|Publication number||US5337263 A|
|Application number||US 08/076,835|
|Publication date||Aug 9, 1994|
|Filing date||Jun 15, 1993|
|Priority date||Jun 15, 1993|
|Publication number||076835, 08076835, US 5337263 A, US 5337263A, US-A-5337263, US5337263 A, US5337263A|
|Inventors||John J. Patermaster|
|Original Assignee||Patermaster John J|
|Export Citation||BiBTeX, EndNote, RefMan|
|Patent Citations (16), Non-Patent Citations (8), Referenced by (25), Classifications (13), Legal Events (3)|
|External Links: USPTO, USPTO Assignment, Espacenet|
1. Field of the Invention
The present invention is generally related to a computer for balancing a checkbook and more particularly, to a simplified system for balancing a checkbook in which it is not necessary for a user to enter each checking account transaction.
2. Discussion of the Background
Checkbook balancing, also called a bank reconciliation, is an agreement between two independent records (a checkbook and the bank's statement) as to the amount of money in an account at a given point in time, usually at month end. Normally, a monthend statement will be received within 10 days into the new month and should be balanced as soon as practicable to update the checkbook balance for bank charges and credits and to catch any errors that may have occurred in the checkbook or in bank transactions.
Bank statements are normally divided into three sections. First, a summary section is provided to show the overall status of the account, i.e., the beginning balance (also the last month's ending balance), total deposits and credits, total checks and debits, and the ending balance.
Second, the detailed section lists by date (the bank's entry date) each check/debit made, and each deposit/credit made to arrive at the ending balance. A relatively new third section provided for the account holder's benefit lists in numerical sequence, each check paid, with asterisks or other indicators showing breaks in the numerical sequence.
Each break may or may not indicate an unpaid check needed for balancing purposes. Other causes of breaks in the check sequence include a cancelled or voided check, an alteration in the sequence of checks used (i.e., using a new packet of checks out of sequence with prior ones), and particularly at the beginning of the listing, payment of a check written in a prior month followed by a check written in the current month. It is important to determine the cause of each break in numerical sequence since unpaid checks must become part of the balancing process.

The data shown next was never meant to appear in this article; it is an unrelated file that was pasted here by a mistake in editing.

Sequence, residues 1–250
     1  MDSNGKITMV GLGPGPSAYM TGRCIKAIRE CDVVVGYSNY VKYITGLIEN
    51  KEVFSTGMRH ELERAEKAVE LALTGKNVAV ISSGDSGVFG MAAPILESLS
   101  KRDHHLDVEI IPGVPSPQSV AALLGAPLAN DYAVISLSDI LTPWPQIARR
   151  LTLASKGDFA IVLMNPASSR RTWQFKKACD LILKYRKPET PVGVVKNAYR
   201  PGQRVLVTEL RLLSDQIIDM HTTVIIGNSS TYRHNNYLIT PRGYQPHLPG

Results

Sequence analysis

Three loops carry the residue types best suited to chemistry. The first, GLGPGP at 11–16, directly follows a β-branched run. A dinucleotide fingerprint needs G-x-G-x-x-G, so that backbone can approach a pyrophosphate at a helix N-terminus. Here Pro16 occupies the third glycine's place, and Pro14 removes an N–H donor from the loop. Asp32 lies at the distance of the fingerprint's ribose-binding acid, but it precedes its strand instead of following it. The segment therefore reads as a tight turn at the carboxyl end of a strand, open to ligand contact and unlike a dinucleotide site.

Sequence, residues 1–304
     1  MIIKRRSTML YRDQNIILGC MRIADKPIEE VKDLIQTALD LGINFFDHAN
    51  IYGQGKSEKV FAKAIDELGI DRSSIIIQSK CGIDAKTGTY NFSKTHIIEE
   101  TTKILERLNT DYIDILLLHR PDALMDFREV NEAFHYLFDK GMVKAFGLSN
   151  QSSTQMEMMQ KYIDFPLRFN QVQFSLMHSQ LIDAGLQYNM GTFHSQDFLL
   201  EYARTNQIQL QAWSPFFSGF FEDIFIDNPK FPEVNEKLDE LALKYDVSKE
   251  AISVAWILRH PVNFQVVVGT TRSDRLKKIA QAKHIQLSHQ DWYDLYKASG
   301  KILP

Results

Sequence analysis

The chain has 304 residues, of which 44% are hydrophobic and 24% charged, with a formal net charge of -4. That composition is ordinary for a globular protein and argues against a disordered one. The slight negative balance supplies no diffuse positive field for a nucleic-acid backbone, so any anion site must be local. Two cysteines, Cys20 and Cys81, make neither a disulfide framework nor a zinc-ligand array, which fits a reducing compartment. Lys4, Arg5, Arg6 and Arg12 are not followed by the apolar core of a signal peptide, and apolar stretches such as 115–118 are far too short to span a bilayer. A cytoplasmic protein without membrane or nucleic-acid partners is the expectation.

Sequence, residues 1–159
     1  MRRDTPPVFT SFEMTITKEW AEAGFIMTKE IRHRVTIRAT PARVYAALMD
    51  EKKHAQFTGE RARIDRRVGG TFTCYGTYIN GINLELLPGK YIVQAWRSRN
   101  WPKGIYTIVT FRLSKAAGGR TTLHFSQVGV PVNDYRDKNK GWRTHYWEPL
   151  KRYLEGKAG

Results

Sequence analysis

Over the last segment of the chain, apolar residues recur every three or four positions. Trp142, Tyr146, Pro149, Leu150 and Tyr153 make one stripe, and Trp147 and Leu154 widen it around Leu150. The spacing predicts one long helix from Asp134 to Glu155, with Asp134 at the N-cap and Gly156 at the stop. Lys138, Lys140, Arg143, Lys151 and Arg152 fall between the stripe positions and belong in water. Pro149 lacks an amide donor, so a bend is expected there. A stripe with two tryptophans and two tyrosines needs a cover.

A number of computerized accounting systems are available to consumers and commercial institutions. However, the systems are not intended simply for balancing a checkbook, but are full accounting or bookkeeping systems. These types of systems are available in software packages for use on personal computers. A popular accounting system for use on personal computers is "QUICKEN" by Intuit. However, a system such as QUICKEN requires a user to enter each check which has been written, each deposit, and all other transactions affecting the account in question. While these systems are beneficial to businesses which need computer records of all transactions and for certain individuals who desire a bookkeeping system to keep track of each transaction, the systems are not convenient for ordinary people.
For example, many checks are written by consumers during the normal course of the day (i.e., while they are away from home). It is therefore inconvenient for these people to write checks during the day and at the end of a day, enter all checks written, deposits, ATM transactions, etc. into a computer.
As an alternative, Siwla, U.S. Pat. No. 4,222,109, discloses an electronic checkbook which allows a user to keep track of checkbook transactions electronically, by a microprocessor system which is part of the checkbook. However, this system also requires a user to enter each transaction into the checkbook and these types of systems do not provide an easy method of balancing a checkbook. Additionally, many people do not completely trust computers to store important information and a user of the Siwla system would often keep a paper record of each checkbook transaction.